The Story Of A Suicide, My Review and Views

Why people commit suicide? That’s a leading question haunting humankind for ages. Why some people find it a better option to end their life than to live it to the fullest? We all know life is not a bed of roses. It throws different challenges at us from time to time. The insight, courage and knowledge with which we face those challenges mark the way of our lives. You see, life is like a burger; one side is birth, another death. It’s what you put in-between determines how it tastes. Life sometimes forces us, drops or just throws us in a situation which becomes unbearable and one seeks an escape. Unfortunately, some find the escape route in finishing the life.


Recently I came across a book, The Story of A Suicide by Sriram Ayer. The book is a page-turner, with a gripping tale that deals with the life, education, social circumstances, desire, passion and pride of four youngsters; Sam, Hari, Mani and Charu.

Though everyone in this society, in today’s world, is supposed to deal with abnormal stress, tension and often the chasm between their desire and limitation leads to depression. But, in this book, Sriram Ayer has dealt with the vulnerability of the young generation, their dreams and nightmares.

The Story of A suicide begins in a rather happy-go-lucky manner where we find Hari as an easygoing boy, loved and cared by his family. Sam, another protagonist, is from an affluent background and wants to take everything and everyone in his grip, under control.
Things began to unfold when they meet each other at KIT. Here’s where Mani and Charu also came to the scene and, the readers are horrified to watch Mani attempting a suicide hanging himself from the fan in his hostel room!

Mani got saved by his best friend Charu, a girl with indomitable spirit, an independent feminist attitude and enough courage to face the problems as they come. In fact, in the whole story, I liked the character of Charu most well portrayed revealing every nuance of her character. I loved the way she saved her friend, befriended Sam but didn’t want to become a painted doll as his girlfriend saying,
“Sam, women have to negotiate a male-dominated world, so to get ahead we paint a mirage and make men believe that they are always in charge. Like Draupadi said, you men are fools, so easy to please”.

Charu knows and understands the ways of life. She is ready to accept both the good and evil from life and she is resilient enough to take her stride, long and strong. We need more free-spirited and brave girls like Charu in this society.

But, Hari, who has a nightmarish childhood camouflaged under a happy mask, fails to gain that strength. The wealthy lad, Sam, in his persuasion of love and power, begins to take measures that could lead to disastrous consequences. Sam’s friend Aditya acts as an accomplice and, the author directs us to the point what a bad company can do to us, that we should choose our friends carefully.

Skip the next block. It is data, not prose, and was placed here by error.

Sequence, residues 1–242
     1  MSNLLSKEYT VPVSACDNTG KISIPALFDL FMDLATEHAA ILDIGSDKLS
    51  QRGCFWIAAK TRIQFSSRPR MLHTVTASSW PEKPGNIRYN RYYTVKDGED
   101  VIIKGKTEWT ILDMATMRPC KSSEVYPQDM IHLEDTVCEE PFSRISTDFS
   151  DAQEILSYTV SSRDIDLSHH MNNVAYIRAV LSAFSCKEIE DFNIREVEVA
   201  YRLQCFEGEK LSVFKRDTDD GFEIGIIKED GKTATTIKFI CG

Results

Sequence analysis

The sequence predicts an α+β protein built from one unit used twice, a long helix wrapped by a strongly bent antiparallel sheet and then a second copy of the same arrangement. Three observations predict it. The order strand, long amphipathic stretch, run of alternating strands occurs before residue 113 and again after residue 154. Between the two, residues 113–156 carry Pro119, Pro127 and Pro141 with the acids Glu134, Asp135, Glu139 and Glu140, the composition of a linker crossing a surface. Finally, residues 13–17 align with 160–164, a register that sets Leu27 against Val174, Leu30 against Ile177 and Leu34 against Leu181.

Mani, a survivor, though, fails to comprehend the feelings, pain and emotions of his closest friend, Hari making the things harder for him.

What happens to them? Why Hari misses over a dozen calls from his father? How a tiny red light from Charu’s mobile destroys several dreams? Well, to get the answers you have to read the book HERE . You can read it for free (great, isn’t it?)


The author Sriram Ayer has done a commendable job by discussing topics like gay sex, child molestation, cyber-crime, social media addiction in accordance with today’s generation. I especially find his writing laudable as all these issues are perfectly mingled with the story itself and, never it appears that he is preaching to his readers. The excruciating pain a male child might suffer from molestation and the effects that are etched in his heart for the rest of his life would give you a shiver.

I request all my readers to go through the book. It will help you understand the problems of your teenage children better, it will help you to stand by them when they need you most. It will help you to identify the signs of depression and frustrations before it’s too late.

Nobody wants to destroy his own life. But, sometimes, the circumstances make him think like a ‘loser’, his inner voices become malevolent enough to command him to put an end to life. I think suicidal instinct comes when people lose the right track of life and, finds nobody in the vicinity to help him out. They, actually, don’t want to die. They just want to escape and, if at least, one of his friends or family members can lend out a hand, give him enough support, he will definitely try to come out of  the darkness.

“Strangers in the night exchanging glances.
Wondering in the night
what were the chances we’d be sharing love
before the night was through?”

The Story of A Suicide by Sriram Ayer can teach you how to be the light in the darkness.

I would give 5/5 to the book. 

Last but not the least, the incidents in the narration are wonderfully accentuated by the illustrations of Ghana.

You can also visit THIS LINK to know how to help victims of abuse.

“The body is wise, the confusion is from the mind”
― Aniekee Tochukwu Ezekiel